April 11, 2007

A Critical Fan Fiction Medley

I'm a bit of an abstract figure that people can project their fantasies on; it's pretty much what we all are, otherwise we wouldn't be stars, and people wouldn't be interested. But people project things on you that have nothing to do with what you really are, or they see a little something and then exaggerate it. And you can't really control that.
Salma Hayek

As I see it, Salma Hayek is talking about the relationship between a subject and audience. (Okay, okay, she is having a mildly ego stroking celebrity moment.) However that is merely a reflection on her statement, not its contents. Back to my point: the audience: fan fiction authors; and the subject: the original media. It just so happens that the audience went a little overboard on the zealous side and is now the subject to a class of literary critics (in training).

My original questions on the subject of fan fiction were relatively understated, or so I thought. I asked if fan fiction was an advanced form of reader-response criticism and, regardless of whether it is or not, what the authorial intent of fan fiction authors is. Let's see what our literary critics had to say:

Jason Pugh: Fan Fiction: A Diana Geleskie Carnival Event

Jason took fan fiction into account by doing what the pros do; consulted the experts:

Wolfgang Iser writes that "...the reader is situated in such a position that he can assemble the meaning toward which the perspectives of the text have guided him" (Keesey 147). So basically, from the reader's perspective, he cannot rewrite, or even respond to a piece of literature, without already having some guidance.
Fan fiction accepts its own unoriginality - because it is done in honor of the original work. Making for not only a new take on the work, but an intertextual reading as well.

Vanessa Kolberg: Blog Carnival: a Ferris Wheel of Fun

Vanessa took Jason's intertextual reading of fan fiction to heart and added her own spin on it.

Fan fiction draws off of one work of literature (or another form of media like a movie or tv show), models it with the same characters and similar plot structure of the original, and mirrors the style. That screams intertextuality. One work drawing off of another, or being influenced by another, to create something new.
The originality of the authors of fan fiction is a debatable point, as Karissa contrasted in her own entry, "I think, however, that fanfic falls short of the ORIGINAL authorial intent--not insofar that it is deriving something the author didn't intend, but that it deviates from the author's style and becomes a kind of Frankenstein of the original writing." Monster of the original or not, the intertextual context of fan fiction is clearly examined.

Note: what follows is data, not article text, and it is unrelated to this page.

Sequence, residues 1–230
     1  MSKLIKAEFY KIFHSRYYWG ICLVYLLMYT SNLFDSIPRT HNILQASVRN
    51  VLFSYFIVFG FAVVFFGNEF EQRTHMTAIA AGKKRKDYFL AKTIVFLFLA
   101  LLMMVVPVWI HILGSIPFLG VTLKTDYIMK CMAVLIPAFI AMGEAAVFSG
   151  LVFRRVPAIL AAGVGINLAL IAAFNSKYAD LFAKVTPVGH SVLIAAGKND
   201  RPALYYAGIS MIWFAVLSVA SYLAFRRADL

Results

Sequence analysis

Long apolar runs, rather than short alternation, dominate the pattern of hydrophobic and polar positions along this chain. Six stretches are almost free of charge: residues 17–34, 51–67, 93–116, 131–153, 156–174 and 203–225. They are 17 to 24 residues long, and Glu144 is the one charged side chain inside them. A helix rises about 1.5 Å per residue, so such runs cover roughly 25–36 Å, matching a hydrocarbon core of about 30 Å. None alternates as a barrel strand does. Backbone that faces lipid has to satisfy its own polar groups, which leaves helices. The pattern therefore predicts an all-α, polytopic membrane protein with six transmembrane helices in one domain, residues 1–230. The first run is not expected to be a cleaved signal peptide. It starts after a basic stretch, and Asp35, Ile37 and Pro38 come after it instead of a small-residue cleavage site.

Karissa Kilgore: EL312: Fanfic Carnival: slip 'n slide of style

Karissa looked at fan fiction from an extreme intellectual approach.

[Fan fiction] lacks some of the necessary parallel truth to be part of the original text. It can't be considered a continuation or alternative to the text since the text is complete as the author wrote and published it.
In terms of the cannon of literature, fan fiction truly can't be included within the authors works, nor can it be looked at as another version of the same. The cannon is unchanged by fan fiction, but it isn't unaffected.

Mitchell Steele: Blog Carnival Topic: Fan Fiction.

These new authors are bringing in aspects that they, as an audience, wanted to see. The audience is taking over. This is their way of either continuing a story, or recreating an old one. The hero and villain can switch roles, or they could face new opposition. There are no rules. They are making them.
Like in Karissa's entry, Mitchell showed just how rule-bending fan fiction is. The original author isn't there, only their text is present. From that text fan fiction authors find their muse and run with it - without bothering to stop and ask for directions so to speak.

Tiffany Brattina: Fan Fiction Fun

So what exactly are the authors of fan fiction getting out of all this? A valid question, one that Tiffany investigated fully.

From what I understand some authors have lashed out at the fans for taking their work and turning it into something new. Others have looked at it as the greatest form of flattery that is out there. I would think that when a fan sits down to write a fanfiction this is what they have going through their minds. Responding to what they have read and taking it a step further to their enjoyment and to the enjoyment of other fans as well.

There you have it. Fan fiction and literary criticism - not just a random idea thrown together by pulling words out of a hat.

Posted by Diana Geleskie at April 11, 2007 12:07 PM
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